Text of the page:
- Gleichheit und Differenz. Die Würde des Menschen und die Souveränitätsansprüche der Vőlker [Equality and Difference. Human Dignity and Popular Sovereignty], Mohr Siebeck, 2013.
- The Democratic Disconnect. Citizenship and Accountability in the Transatlantic Era, Transatlantic Academy Report (with David Cameron), Washington, DC, 2013.
- Dignity in Adversity. Human Rights in Troubled Times, Polity Press, 2011.
- Another Cosmopolitanism: Hospitality, Sovereignty and Democratic Iterations, Oxford University Press, 2006.
- The Rights of Others. Aliens, Citizens and Residents, 2004.
- The Claims of Culture. Equality and Diversity in the Global Era, 2002.
Seyla Benhabib, born in Istanbul, Turkey, is the Eugene Meyer Professor of Political Science and Philosophy at Yale University and was Director of its Program in Ethics, Politics and Economics from 2002 to 2008. She was the President of the Eastern Division of the American Philosophical Association in 2006-07 and has been a member of the American Academy of Arts and Sciences since 1995. She has previously taught at the New School for Social Research and Harvard Universities, where she was Professor of Government from 1993-2000 and Chair of Harvard’s Program on Social Studies from 1996-2000.
She has been Adjunct Faculty in Law at Yale Law School since 2007 for a total of six terms, co-teaching courses on human rights, sovereignty, cosmopolitanism and European legal debates on citizenship and migration with Professors Robert Post and Alec Stone Sweet. She has also held a Visiting Professorship of Law at the University of Tel-Aviv’s Zvi Meitar Center for Advanced Studies Legal Studies (2010).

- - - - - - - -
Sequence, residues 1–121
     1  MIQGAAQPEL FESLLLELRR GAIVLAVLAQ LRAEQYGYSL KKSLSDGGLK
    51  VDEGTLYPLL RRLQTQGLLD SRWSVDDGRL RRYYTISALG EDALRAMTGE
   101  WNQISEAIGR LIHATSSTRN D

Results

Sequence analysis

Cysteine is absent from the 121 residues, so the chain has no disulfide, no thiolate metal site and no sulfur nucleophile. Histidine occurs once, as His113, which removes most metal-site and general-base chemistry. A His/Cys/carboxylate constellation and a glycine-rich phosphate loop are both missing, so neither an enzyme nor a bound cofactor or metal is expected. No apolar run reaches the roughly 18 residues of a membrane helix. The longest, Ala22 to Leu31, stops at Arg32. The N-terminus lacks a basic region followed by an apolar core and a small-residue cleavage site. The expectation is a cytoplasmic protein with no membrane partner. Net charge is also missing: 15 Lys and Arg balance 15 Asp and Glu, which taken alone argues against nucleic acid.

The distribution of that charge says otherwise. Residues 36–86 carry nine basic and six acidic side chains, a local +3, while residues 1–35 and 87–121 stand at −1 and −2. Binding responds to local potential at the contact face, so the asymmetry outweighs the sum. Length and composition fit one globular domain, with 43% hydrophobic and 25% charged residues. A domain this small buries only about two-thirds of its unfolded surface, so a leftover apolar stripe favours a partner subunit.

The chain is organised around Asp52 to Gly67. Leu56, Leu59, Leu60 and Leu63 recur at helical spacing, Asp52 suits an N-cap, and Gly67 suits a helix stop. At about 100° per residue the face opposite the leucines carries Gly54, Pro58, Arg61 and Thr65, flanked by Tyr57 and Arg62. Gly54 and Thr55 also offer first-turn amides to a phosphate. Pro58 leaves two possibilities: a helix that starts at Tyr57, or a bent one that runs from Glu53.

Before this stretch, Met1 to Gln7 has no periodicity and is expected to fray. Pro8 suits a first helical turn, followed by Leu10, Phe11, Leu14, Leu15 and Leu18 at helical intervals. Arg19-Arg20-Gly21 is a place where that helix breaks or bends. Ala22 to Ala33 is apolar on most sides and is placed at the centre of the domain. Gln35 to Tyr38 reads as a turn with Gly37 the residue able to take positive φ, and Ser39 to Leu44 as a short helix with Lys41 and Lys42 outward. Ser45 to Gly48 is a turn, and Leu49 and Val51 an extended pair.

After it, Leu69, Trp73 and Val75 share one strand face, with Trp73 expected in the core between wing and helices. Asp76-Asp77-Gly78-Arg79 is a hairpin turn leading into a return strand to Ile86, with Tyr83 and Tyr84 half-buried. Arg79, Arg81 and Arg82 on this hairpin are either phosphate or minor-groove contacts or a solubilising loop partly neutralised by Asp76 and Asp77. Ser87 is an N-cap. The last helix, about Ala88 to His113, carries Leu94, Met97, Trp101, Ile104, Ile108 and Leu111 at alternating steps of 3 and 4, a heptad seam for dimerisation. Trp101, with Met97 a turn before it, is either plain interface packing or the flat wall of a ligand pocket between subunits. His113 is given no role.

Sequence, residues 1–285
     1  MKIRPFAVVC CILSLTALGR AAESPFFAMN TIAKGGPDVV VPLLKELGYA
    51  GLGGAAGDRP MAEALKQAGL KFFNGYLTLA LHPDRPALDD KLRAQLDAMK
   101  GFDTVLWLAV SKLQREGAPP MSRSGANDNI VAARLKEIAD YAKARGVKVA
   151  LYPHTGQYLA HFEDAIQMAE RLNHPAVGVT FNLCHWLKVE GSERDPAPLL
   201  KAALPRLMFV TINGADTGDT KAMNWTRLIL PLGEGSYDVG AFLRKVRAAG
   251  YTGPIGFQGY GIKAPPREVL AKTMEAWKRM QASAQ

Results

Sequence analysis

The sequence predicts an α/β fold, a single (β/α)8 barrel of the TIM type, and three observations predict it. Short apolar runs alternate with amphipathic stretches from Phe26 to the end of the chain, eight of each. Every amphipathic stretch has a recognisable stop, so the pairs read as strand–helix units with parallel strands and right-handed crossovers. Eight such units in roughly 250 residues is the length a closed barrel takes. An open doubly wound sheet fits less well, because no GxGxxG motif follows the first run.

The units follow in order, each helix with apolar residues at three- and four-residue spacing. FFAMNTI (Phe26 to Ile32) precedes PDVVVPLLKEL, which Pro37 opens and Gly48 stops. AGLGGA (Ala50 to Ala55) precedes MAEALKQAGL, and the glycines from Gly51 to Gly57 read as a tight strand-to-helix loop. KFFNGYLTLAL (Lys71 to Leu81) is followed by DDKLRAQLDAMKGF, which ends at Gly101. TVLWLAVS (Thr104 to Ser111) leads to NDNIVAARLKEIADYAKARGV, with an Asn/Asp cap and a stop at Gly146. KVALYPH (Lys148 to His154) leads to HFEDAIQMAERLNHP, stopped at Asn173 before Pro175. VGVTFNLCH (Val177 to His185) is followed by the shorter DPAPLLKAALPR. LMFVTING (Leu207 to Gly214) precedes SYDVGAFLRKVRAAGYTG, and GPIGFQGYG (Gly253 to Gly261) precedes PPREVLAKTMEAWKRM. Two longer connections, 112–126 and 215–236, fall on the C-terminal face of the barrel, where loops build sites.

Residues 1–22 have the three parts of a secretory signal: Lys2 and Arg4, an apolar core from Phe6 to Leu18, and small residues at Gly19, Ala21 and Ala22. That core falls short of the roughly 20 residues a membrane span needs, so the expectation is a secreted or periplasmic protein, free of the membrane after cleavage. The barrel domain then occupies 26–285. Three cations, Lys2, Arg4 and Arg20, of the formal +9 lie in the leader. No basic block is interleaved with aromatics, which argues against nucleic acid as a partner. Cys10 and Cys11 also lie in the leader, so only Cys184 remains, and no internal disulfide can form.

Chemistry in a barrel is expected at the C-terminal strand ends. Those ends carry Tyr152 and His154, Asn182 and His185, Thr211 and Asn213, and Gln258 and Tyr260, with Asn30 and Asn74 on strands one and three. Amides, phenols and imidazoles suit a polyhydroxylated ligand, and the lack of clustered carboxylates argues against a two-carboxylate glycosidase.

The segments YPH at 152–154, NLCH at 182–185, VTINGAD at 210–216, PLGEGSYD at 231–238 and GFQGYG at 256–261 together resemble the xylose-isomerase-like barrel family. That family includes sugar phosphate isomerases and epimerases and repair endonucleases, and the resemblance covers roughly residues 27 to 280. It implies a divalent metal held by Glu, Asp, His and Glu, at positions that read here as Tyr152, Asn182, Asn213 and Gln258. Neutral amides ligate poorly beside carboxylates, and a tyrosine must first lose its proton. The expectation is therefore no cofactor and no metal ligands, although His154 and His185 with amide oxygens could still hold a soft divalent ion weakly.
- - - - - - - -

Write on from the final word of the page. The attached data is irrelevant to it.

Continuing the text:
Benhabib is the recipient of the Ernst Bloch prize for 2009, the Leopold Lucas Prize from the Theological Faculty of the University of Tubingen (2012), and the Meister Eckhart Prize (2014; one of Germany’s most prestigious philosophical prizes). A Guggenheim Fellowship recipient (2011-12), she has been a research affiliate and senior scholar in many institutions in the US and in Europe such as Berlin’s Wissenschaftkolleg (2009), NYU’s Strauss Center for Advanced Studies in Law and Justice (2012) and the European University Institute in Florence (Summer 2015).
Her work has been translated into German, Spanish, French, Italian, Turkish, Swedish, Russian, Serbo-Croatian, Hebrew, Polish, Japanese and Chinese and she has also edited and coedited 10 volumes on topics ranging from democracy and difference to the rights of migrant women and children; the communicative ethics controversy and Hannah Arendt. Her volume, Migrations and Mobilities: Gender, Borders and Citizenship (NYU Press, 2009), edited with Judith Resnik from the Yale Law School, has been named by Choice one of the outstanding academic books of the year.
Benhabib holds Honorary Degrees from the Universities of Utrecht (2004), Valencia (2010) and Bogazici University in Istanbul (2012).